Preparing Middle-School Students Long term for the SAT and ACT

The following article was adapted from a recent interview with Mr. Buffer about how to prepare middle school students for the SAT and ACT.



Question for Mr. Buffer:

What can I do to help my middle school student prepare long-term for the SAT and ACT?

Mr. Buffer:

That’s a good question. And I feel to answer it fully, I have to give some relevant background information.

One thing we have to remember is that when students take the SAT and ACT it is assumed that they know or have learned certain things. The tests are not meant to throw material at them that they weren’t supposed to have learned in high school. People often think it’s intended to be a special test that’s separate from what students are learning in school. Often, it is experienced just that way because learning across the nation, even across states, is not pedagogically or curricular unified. One major problem, for example, is that most high schools can’t cover, in depth, every bit of math that students are supposed to learn. They can’t cover every grammatical concept to the level they should, with students learning imperative, specific, and necessary vernacular, either. They might cursorily go over this required curriculum in middle school or even high school, but there is no time for students to learn everything as thoroughly as is needed to be fully prepared for what is to come in their future, high-stakes standardized tests. This impasse is where, I feel, our learning center has been so helpful because we have helped to fill in these gaps. Having worked and taught in the public schools, having a Masters Degree in Educational Theory and Practice, and founding, owning and directing, the Cambridge Learning Center of New Jersey, I am keenly aware of what students are often not getting and learning in school.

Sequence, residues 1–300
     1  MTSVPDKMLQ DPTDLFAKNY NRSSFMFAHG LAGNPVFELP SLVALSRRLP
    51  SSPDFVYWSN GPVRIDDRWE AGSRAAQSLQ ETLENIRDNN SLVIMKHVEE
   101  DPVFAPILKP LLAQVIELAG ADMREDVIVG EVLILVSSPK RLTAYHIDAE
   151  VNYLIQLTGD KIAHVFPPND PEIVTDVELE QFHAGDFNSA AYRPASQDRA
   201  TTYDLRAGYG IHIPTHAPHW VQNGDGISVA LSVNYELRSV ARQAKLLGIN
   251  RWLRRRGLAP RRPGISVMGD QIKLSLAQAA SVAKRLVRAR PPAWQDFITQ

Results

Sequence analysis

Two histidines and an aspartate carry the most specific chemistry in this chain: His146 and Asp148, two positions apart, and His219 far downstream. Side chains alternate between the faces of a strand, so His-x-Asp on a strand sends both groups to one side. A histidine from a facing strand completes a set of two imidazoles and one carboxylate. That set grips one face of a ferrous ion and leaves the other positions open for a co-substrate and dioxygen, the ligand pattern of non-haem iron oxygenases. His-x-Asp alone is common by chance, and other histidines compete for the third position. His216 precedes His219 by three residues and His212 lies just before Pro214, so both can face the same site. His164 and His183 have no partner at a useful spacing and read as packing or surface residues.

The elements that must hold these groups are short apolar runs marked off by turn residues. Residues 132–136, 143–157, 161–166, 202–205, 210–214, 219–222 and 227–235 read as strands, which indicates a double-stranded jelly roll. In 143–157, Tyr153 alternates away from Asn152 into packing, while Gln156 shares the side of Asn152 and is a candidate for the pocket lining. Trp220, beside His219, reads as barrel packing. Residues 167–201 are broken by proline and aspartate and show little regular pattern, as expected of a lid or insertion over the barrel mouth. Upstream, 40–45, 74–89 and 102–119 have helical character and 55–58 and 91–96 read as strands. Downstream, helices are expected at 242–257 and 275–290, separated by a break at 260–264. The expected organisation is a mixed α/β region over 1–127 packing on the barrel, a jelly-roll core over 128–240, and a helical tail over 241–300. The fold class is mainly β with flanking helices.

Additionally, students go to very different high schools. Some high schools are more rigorous than others in the books they read. Some high schools are much less stringent than others in the books they read. Because this is so varied across schools, and even in individual classrooms, and the level of exposure to different material is so varied for middle school and high school students, not all students come prepared equally for the test. Or, they are part of an education system that is not super rigorous or where they aren’t urged to read a lot of nonfiction books, or maybe the particular teacher the student has isn’t inclined to want to read certain kinds of material because they as educators don’t have a strong preference for it.

So, not every student gets the same education all the time. Some students, many who are highly performing in schools, are often shocked when they come here (to Cambridge) for enrichment and for SAT/ACT prep, how much they don’t know. For instance, when a high school student goes to take the SAT Math II subject test, it is assumed that they have comprehensively learned laws of sines and cosines. Some high schools don’t cover trigonometry as well as others do, though, so we often find ourselves filling in many learning gaps on such topics.